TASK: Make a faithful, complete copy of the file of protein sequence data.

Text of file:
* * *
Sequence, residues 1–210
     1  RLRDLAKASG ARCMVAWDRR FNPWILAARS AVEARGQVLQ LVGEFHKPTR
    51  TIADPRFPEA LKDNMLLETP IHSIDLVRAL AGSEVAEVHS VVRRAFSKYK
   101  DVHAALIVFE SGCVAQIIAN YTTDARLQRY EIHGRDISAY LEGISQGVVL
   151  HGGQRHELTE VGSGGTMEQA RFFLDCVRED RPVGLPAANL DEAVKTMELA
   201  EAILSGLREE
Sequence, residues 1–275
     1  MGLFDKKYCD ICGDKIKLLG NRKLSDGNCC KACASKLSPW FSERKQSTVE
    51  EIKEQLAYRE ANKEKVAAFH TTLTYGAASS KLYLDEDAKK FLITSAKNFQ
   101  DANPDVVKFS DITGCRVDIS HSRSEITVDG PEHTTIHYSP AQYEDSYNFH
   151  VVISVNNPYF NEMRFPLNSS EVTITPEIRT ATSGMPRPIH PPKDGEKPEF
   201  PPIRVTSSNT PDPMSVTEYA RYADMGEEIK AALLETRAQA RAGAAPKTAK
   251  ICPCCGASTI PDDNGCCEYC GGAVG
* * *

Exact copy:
Sequence, residues 1–210
     1  RLRDLAKASG ARCMVAWDRR FNPWILAARS AVEARGQVLQ LVGEFHKPTR
    51  TIADPRFPEA LKDNMLLETP IHSIDLVRAL AGSEVAEVHS VVRRAFSKYK
   101  DVHAALIVFE SGCVAQIIAN YTTDARLQRY EIHGRDISAY LEGISQGVVL
   151  HGGQRHELTE VGSGGTMEQA RFFLDCVRED RPVGLPAANL DEAVKTMELA
   201  EAILSGLREE
Sequence, residues 1–275
     1  MGLFDKKYCD ICGDKIKLLG NRKLSDGNCC KACASKLSPW FSERKQSTVE
    51  EIKEQLAYRE ANKEKVAAFH TTLTYGAASS KLYLDEDAKK FLITSAKNFQ
   101  DANPDVVKFS DITGCRVDIS HSRSEITVDG PEHTTIHYSP AQYEDSYNFH
   151  VVISVNNPYF NEMRFPLNSS EVTITPEIRT ATSGMPRPIH PPKDGEKPEF
   201  PPIRVTSSNT PDPMSVTEYA RYADMGEEIK AALLETRAQA RAGAAPKTAK
   251  ICPCCGASTI PDDNGCCEYC GGAVG